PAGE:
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Fly cut or drill first?

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gradient

Gradient
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#1
Need to make a plate with several hundred holes from #4 to #10 sizes in aluminum 1/2" plate. I would also like to fly cut the surface so it is pretty flat. Is it better to drill all of the holes first or do the fly cut then drill. I'm guessing doing the fly cut last might cause smearing as the tool crosses the holes. Any comments?
 

mikey

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#2
Need to make a plate with several hundred holes from #4 to #10 sizes in aluminum 1/2" plate. I would also like to fly cut the surface so it is pretty flat. Is it better to drill all of the holes first or do the fly cut then drill. I'm guessing doing the fly cut last might cause smearing as the tool crosses the holes. Any comments?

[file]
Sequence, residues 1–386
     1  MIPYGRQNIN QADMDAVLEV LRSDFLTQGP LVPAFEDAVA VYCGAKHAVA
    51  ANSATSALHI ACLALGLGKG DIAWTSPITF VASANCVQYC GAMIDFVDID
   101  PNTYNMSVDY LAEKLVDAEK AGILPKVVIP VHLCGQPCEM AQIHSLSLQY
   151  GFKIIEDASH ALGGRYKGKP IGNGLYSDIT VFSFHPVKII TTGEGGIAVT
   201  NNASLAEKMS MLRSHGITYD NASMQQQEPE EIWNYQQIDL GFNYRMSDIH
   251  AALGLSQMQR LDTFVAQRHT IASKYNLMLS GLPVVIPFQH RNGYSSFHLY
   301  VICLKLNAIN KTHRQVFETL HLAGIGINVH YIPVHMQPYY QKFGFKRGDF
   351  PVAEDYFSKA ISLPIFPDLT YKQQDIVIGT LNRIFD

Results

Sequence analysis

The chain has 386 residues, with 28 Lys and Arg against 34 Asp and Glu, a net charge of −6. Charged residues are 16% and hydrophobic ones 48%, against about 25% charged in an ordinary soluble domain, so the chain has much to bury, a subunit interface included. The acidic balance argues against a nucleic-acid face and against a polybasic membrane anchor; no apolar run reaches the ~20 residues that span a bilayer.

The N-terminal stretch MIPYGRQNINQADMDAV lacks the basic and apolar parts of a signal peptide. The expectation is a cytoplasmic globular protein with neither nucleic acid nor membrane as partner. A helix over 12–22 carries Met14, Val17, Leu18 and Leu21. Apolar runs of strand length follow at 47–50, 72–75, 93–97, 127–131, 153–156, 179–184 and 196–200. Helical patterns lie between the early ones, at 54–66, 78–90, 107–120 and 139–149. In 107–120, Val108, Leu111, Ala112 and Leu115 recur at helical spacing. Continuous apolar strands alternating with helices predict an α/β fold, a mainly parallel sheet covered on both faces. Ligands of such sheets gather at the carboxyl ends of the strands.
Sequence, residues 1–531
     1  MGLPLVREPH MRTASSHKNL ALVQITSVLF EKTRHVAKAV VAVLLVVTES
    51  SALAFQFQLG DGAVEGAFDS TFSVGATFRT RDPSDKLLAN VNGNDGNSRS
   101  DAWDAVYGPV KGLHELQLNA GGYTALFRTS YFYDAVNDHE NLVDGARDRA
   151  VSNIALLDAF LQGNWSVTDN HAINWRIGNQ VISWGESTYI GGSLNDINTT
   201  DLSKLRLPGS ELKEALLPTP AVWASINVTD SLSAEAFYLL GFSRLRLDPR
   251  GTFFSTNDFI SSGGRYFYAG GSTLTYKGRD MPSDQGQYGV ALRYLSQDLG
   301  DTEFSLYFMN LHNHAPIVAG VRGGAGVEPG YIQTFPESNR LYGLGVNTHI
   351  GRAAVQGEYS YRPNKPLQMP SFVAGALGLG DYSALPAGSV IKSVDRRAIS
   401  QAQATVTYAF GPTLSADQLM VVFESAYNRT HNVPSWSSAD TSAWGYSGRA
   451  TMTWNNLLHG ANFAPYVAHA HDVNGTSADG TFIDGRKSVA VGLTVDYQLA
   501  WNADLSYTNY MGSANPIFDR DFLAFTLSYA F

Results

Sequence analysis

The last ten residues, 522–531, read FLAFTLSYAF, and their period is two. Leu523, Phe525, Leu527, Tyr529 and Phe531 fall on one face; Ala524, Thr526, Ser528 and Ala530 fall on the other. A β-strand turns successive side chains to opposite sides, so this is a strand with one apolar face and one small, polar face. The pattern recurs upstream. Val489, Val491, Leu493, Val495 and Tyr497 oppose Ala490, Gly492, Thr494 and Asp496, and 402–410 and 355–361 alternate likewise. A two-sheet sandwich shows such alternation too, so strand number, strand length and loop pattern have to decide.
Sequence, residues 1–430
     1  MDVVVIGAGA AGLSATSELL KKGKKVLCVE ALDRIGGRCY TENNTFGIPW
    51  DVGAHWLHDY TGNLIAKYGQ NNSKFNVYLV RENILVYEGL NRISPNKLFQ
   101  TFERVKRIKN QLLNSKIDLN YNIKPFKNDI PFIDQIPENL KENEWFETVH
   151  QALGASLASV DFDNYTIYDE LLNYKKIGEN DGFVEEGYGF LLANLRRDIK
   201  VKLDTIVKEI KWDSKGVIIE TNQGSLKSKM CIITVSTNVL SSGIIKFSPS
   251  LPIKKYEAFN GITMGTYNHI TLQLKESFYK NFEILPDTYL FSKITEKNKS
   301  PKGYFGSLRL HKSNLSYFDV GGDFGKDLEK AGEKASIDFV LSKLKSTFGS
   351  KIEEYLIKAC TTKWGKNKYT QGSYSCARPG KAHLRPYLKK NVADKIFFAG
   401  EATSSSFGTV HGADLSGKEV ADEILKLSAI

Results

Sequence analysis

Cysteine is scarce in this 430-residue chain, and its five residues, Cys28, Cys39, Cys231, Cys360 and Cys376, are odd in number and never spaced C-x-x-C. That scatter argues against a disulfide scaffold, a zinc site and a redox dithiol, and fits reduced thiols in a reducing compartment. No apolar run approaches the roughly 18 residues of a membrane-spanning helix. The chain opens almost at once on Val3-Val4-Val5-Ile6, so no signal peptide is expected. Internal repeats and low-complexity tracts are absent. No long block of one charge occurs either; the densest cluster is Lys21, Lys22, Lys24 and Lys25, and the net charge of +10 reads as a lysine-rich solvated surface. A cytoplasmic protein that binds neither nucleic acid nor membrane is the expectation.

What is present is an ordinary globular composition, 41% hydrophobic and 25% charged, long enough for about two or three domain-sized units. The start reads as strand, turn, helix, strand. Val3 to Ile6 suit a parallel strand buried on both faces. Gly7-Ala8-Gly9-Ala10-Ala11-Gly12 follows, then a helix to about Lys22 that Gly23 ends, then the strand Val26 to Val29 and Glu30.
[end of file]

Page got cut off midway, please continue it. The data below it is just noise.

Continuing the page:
Personally, I would fly cut first so I have a clean flat surface to work with. If you use a spotting drill first I suppose it doesn't really matter. I assume you plan to chamfer every hole so smearing isn't an issue if you decide to drill first.
 

westsailpat

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#6
Fly cut first , spot drill a little OS then you don't have to go back and chamfer .
 

Wreck™Wreck

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#7
If strength is not a concern use a material intended for this purpose such as Alcoa MIC 6 jig plate, it has already been milled flat before you buy it. It will also stay that way after drilling hundreds of holes in it.

A piece of easily available 6061 aluminum stock may behave in ways that you are not expecting after facing and drilling many holes in it.

Had to straighten 4 parts made from 1 1/2" X 1/4" aluminum bar stock last week, they had 85 6-32 holes off center on a single 1/4" face, one part held in 3 Kurt vices in a Fadal 4020 VMC, they warped badly in 2 planes. Relieving the stress from one side is often bad news.

https://www.onlinemetals.com/merchant.cfm?pid=7805&step=4&showunits=inches&id=309&top_cat=0
 

gradient

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#8
Thanks all. Looks like the consensus is fly cut first. Sounded right but I just needed some input from more experienced folks.
 
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